With the salt, dried thyme, and fennel seeds, the meatballs should be quite flavorful. If yours aren’t, I would suggest checking your spices. Spices can go “dead” after a year, which is why it is recommended that you either throw out old spices. If you use old spices, expect to use much more than a recipe calls for. ~Elise

  • Andrea

    These look awesome but I’m not sure about the ricotta; I usually don’t care for it (so I’m the weird person who doesn’t like stuffed pasta shells). Can someone who’s tried these comment on the prevalence of the flavor? Also, if anyone has an idea for a good substitute cheese, it would be much appreciated. Ricotta comes up often in this sort of recipe and it would be nice form me to have a go-to replacement.

  • Elle B

    Made these tonight for a holiday potluck tomorrow at work- DELICIOUS!!

    What an awesome dish, I know it will be a hit :)

    Thanks Elise!

  • Yoko

    just made this tonight w hot italian meatballs. love the cranberry glaze! I was in a hurry so puréed the cranberries instead of straining. made the glaze nice and thick :) gotta try it with turkey meatballs next time. thanks for another great idea!

  • Granny Smith

    I’ve got lots of non-dairy eating folks – is there anything neutral I could substitute for the ricotta? The milk isn’t a problem – there are lots of milk substitutes out there.
    If I just skip the cheese will the meatballs be too dry? How about just adding a little olive oil or something?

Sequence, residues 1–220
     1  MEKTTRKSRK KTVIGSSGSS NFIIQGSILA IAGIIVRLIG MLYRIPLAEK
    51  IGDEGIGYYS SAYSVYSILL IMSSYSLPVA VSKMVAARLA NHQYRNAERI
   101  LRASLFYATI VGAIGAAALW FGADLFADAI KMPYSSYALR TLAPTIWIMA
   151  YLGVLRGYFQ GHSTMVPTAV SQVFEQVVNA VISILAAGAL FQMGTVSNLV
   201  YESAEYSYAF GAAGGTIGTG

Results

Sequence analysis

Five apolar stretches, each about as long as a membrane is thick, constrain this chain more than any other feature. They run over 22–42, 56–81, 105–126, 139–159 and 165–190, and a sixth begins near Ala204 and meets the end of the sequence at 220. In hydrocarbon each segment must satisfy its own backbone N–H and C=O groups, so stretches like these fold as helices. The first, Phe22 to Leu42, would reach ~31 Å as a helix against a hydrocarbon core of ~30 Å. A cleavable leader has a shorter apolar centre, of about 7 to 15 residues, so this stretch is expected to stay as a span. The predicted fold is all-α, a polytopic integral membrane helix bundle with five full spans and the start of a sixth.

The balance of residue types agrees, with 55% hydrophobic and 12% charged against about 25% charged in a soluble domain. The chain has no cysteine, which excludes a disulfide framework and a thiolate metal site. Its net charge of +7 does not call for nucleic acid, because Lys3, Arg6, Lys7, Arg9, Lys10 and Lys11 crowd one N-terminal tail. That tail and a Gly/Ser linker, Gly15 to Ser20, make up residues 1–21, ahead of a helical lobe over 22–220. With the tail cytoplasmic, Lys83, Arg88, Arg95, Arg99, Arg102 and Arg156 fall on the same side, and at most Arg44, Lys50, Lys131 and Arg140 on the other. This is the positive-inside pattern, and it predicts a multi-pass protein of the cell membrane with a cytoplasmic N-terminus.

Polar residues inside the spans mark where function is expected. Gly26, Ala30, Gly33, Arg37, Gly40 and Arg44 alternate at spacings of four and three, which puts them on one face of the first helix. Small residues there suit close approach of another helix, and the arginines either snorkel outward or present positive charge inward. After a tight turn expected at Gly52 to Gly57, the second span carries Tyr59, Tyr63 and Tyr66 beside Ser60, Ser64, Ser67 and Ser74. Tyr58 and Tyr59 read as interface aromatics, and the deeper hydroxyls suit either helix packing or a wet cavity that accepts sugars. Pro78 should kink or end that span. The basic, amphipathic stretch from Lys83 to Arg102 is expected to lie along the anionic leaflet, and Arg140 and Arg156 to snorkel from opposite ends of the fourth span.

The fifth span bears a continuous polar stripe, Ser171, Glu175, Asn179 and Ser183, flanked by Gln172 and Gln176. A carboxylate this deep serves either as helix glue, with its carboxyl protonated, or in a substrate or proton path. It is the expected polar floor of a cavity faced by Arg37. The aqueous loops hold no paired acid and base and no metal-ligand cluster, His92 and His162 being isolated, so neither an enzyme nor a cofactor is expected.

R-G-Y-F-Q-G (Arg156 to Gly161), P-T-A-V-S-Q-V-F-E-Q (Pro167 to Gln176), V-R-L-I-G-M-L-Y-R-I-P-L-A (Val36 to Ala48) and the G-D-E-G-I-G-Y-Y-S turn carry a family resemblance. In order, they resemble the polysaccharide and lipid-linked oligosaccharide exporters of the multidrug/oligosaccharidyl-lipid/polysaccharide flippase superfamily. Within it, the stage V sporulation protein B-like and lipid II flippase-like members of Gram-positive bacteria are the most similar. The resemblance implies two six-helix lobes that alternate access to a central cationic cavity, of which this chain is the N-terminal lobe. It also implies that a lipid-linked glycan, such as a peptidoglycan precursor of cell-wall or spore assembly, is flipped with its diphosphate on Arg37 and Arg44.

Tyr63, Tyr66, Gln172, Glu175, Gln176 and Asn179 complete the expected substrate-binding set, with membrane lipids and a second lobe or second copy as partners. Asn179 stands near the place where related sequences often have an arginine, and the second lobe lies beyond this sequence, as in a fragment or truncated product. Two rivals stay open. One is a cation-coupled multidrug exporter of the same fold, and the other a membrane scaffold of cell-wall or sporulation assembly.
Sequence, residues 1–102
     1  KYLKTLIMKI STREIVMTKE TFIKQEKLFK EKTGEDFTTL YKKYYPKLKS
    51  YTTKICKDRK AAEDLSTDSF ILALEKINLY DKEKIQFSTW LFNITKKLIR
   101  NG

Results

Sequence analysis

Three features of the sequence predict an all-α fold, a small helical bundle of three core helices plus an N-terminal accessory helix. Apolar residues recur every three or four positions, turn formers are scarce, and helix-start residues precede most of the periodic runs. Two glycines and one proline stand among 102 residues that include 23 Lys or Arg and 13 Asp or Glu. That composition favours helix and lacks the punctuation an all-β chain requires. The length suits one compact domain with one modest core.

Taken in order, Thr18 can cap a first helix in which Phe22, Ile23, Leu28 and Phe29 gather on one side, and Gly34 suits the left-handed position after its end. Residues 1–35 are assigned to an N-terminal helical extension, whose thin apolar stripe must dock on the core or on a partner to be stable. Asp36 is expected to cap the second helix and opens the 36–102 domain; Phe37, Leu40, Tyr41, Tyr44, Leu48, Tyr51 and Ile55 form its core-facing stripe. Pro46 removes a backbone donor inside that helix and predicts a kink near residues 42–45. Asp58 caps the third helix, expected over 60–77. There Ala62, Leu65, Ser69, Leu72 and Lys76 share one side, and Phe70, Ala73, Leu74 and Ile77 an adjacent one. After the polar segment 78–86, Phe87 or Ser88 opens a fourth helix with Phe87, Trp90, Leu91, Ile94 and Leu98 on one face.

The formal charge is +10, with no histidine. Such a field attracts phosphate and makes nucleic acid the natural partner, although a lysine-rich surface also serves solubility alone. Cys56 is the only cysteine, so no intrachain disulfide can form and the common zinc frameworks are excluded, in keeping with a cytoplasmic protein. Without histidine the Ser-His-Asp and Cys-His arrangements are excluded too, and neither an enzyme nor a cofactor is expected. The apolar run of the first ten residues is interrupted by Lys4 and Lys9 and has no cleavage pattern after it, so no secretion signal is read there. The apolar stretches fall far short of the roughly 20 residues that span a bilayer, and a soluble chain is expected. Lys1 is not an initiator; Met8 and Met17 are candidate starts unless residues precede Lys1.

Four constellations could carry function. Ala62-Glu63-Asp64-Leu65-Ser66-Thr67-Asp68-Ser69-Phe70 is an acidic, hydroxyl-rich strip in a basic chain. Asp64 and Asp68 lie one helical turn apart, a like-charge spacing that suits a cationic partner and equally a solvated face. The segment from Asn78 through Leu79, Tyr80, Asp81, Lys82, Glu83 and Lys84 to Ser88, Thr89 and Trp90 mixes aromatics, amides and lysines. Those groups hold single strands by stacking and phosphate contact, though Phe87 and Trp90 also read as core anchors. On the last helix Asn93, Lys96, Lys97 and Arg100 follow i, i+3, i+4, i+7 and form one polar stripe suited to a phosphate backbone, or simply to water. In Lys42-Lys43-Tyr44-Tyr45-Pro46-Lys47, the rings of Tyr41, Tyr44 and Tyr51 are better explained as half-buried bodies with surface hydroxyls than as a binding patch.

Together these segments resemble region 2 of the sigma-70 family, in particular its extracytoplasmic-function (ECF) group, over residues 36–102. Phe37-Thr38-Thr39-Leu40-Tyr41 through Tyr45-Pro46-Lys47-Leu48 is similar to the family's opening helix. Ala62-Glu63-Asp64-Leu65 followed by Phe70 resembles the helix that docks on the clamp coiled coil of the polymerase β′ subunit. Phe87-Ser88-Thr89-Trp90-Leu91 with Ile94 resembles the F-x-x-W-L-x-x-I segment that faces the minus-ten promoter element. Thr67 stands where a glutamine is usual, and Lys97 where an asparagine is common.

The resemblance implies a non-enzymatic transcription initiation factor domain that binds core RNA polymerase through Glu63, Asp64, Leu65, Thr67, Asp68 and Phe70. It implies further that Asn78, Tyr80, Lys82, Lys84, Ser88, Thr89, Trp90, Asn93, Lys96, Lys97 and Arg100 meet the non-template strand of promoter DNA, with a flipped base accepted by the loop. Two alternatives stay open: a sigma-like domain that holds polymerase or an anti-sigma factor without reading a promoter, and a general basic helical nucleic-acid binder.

If you have to skip the cheese, I would recommend adding another slice of bread and a little more milk (substitute) to the mix. ~Elise

  • Sade

    Hi! These look like they’d be great for the holiday party I’m throwing in a couple of days. Would it be ok to make the glaze a day ahead and then reheat before adding to the meatballs the day of?

    Maybe. I haven’t had the best luck with making the whole recipe ahead of time. If I were trying to save time, I would make the meatballs ahead of time and then make the glaze right before serving with the meatballs. ~Elise

  • Jessi @ Quirky Cookery

    I really like turkey meatballs but they can often turn out dry since the meat isn’t as fatty as beef or pork. I think the yummy cranberry glaze would completely eliminate any chance of a dry meatball. Mmm.

    The glaze doesn’t prevent the dryness, but the ricotta, egg, milk, and bread in the meatballs does. ~Elise

  • Paula

    Oops, I almost forgot I did not add the vinegar to the glaze because I did add the sauerkraut and I didn’t want it to be too tangy, but I did follow the meatball recipe to a “t”.

  • Paula

    Love the Turkey MeatBalls Elise! I make this recipe every year for Christmas Day noshing but with beef instead of turkey. I tried the turkey meat balls yesterday as a “pre-test” and my husband and kids loved them. My cranberry glaze is very close to the same but I add a can of well-drained and rinced Frank’s sauerkraut. Since I had the big frying pan out already (and leftover mashed potatoes) I made potato pancakes and a salad and called it dinner. Rave Reviews from two 8 year olds, 7 year old and 5 year old not to mention hubby! Thanks again for inspiration that didn’t cause too much persperation!

  • Doreen

    These look great, just one question…i see that you’ve added ricotta to this recipe. I recently made the meatballs in tomato sauce which had ricotta in it too. I found that the sauce became very watery. I’m thinking its from the water in the ricotta. Should it be strained before you add it?

    If the sauce is watery, it just needs to be boiled down more. Every version I made of these meatballs I didn’t drain/strain the ricotta. Perhaps if you are working with a watery ricotta, then yes, you should strain it of excess water. ~Elise

  • Garrett

    These. Were. Awesome. Excellent and festive recipe.